The commercial value of all this pirated software climbed from $58.8 billion in 2010 to $63.4 billion in 2011, a new record, propelled by PC shipments to emerging economies where piracy rates are highest.
“If 57 percent of consumers admitted they shoplift, authorities would react by increasing police patrols and penalties. Software piracy demands a similarly forceful response — concerted public education and vigorous law enforcement,” said BSA President and CEO Robert Holleyman.
Overall, the study found that piracy rates in emerging markets tower over those in mature markets — 68 percent to 24 percent, on average — and emerging markets account for an overwhelming majority of the global increase in the commercial value of software theft. This is because emerging economies are rapidly extending their influence over the global PC market. (They took in 56 percent of last year’s shipments.) It is also because frequent pirates in emerging economies install nearly four times more software per new PC than their counterparts in the developed world.
Other key findings of the 2011 BSA Global Software Piracy Study:
· There is strong global support for IP rights and protections in principle, but a troubling lack of incentive for pirates to change their behavior in practice. Just 20 percent of frequent pirates in mature markets — and 15 percent in emerging markets — say the risk of getting caught is a reason not to do it.
· The most frequent software pirates are disproportionately young and male — and they are more than twice as likely to live in an emerging economy as they are to live in a mature one (38 percent to 15 percent).
· The most frequent software pirates also are the most voracious software users. They report installing 55 percent more software on their computers than do non-pirates. This gives them an outsized impact on the global piracy rate.
· Business decision makers admit to pirating software more frequently than other users — and they are more than twice as likely as others to say they buy software for one computer and then install it on additional machines in their offices.
· By its sheer scale, China has the most troubling piracy problem. China’s illegal software market was worth nearly $9 billion in 2011 versus a legal market of less than $3 billion, making its piracy rate 77 percent. Moreover, buyers in China spend just $8.89 per PC on legal software, less than a quarter of the amount buyers spend in other BRIC markets.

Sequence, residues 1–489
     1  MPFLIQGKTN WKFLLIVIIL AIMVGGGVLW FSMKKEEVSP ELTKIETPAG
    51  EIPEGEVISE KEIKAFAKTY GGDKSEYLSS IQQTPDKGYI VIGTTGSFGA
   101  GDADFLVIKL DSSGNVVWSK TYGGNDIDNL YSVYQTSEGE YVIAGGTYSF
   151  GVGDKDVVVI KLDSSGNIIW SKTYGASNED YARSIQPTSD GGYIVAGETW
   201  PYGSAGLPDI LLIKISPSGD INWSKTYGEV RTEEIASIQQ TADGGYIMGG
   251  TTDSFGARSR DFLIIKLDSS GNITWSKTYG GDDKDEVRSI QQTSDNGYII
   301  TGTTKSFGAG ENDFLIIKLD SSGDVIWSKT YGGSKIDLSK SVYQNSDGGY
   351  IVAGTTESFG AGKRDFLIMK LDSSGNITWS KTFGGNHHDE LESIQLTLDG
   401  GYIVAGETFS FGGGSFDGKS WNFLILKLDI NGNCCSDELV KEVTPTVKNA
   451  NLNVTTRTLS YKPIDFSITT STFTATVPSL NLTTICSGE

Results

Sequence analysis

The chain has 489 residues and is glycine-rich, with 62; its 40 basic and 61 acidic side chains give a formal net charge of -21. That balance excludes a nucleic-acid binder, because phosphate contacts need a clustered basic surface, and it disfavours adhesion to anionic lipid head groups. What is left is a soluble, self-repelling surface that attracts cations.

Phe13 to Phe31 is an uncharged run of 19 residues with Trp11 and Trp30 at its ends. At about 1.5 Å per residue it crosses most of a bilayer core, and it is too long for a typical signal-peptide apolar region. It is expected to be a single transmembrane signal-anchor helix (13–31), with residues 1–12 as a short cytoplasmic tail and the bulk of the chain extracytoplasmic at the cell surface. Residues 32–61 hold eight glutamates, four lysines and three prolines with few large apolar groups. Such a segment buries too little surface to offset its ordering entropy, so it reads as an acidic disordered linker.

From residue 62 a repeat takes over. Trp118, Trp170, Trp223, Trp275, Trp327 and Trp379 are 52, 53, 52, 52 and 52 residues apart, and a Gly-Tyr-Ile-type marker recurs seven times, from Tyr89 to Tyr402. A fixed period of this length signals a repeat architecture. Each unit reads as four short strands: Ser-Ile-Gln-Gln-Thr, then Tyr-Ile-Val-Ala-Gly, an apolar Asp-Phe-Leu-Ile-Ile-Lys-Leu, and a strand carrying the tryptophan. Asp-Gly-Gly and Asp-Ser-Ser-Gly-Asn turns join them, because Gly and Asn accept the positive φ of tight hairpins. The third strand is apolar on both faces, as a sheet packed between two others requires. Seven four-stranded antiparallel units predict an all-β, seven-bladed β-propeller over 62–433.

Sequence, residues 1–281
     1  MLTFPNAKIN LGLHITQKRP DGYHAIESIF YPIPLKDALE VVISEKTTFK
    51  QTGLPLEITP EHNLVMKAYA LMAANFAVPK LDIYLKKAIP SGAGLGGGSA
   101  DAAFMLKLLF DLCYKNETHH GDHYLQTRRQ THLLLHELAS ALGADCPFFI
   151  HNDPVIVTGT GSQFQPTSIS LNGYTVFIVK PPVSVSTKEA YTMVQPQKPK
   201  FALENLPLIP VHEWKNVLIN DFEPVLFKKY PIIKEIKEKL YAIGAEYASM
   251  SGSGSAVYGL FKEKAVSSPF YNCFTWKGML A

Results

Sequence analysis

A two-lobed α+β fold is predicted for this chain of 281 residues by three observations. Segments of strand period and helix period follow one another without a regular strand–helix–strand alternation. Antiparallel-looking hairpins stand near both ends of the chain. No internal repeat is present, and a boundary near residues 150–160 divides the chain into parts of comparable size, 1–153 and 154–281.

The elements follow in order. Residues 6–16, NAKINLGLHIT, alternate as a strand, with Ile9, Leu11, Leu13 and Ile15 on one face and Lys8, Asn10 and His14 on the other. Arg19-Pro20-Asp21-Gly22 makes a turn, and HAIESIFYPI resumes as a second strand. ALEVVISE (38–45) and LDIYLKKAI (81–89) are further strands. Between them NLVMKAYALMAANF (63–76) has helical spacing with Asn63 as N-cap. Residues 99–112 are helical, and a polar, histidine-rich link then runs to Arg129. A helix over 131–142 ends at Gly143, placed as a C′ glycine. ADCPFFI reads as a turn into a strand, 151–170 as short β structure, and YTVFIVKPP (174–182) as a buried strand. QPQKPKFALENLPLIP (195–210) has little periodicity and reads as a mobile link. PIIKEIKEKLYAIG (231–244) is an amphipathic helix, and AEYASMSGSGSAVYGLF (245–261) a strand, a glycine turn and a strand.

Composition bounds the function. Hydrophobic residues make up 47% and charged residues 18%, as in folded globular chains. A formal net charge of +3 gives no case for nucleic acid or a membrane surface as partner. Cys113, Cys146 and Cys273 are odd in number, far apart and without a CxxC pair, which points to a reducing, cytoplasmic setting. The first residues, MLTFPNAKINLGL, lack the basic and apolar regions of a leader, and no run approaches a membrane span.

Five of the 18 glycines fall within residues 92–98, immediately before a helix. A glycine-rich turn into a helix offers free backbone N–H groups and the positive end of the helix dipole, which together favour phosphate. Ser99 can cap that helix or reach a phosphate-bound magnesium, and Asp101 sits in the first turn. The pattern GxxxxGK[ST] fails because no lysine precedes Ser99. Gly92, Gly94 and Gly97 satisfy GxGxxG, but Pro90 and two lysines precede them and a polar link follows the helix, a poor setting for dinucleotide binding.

“IP theft is a global economic drain, stifling not only IT innovation, but job creation across all sectors of the economy,” said BSA Senior Vice President of Anti-Piracy Jodie Kelley. “Governments, especially in emerging markets where most of the theft is taking place, must take steps to modernize their IP laws and expand enforcement efforts to ensure that those who pirate software face real consequences.”
BSA conducted its ninth annual study of global software piracy in partnership with IDC and Ipsos Public Affairs, two of the world’s leading independent research firms. The study methodology involves collecting 182 discrete data inputs and assessing PC and software trends in 116 markets. This year’s study also included a survey of nearly 15,000 computer users in 33 countries that together account for 82 percent of the global PC market.
Full copies of the BSA Global Software Piracy Study, plus additional information about the study’s methodology and findings, are available for download on BSA’s website: www.bsa.org/globalstudy.
The Business Software Alliance (www.bsa.org) is the leading global advocate for the software industry. It is an association of nearly 100 world-class companies that invest billions of dollars annually to create software solutions that spark the economy and improve modern life. Through international government relations, intellectual property enforcement and educational activities, BSA expands the horizons of the digital world and builds trust and confidence in the new technologies driving it forward.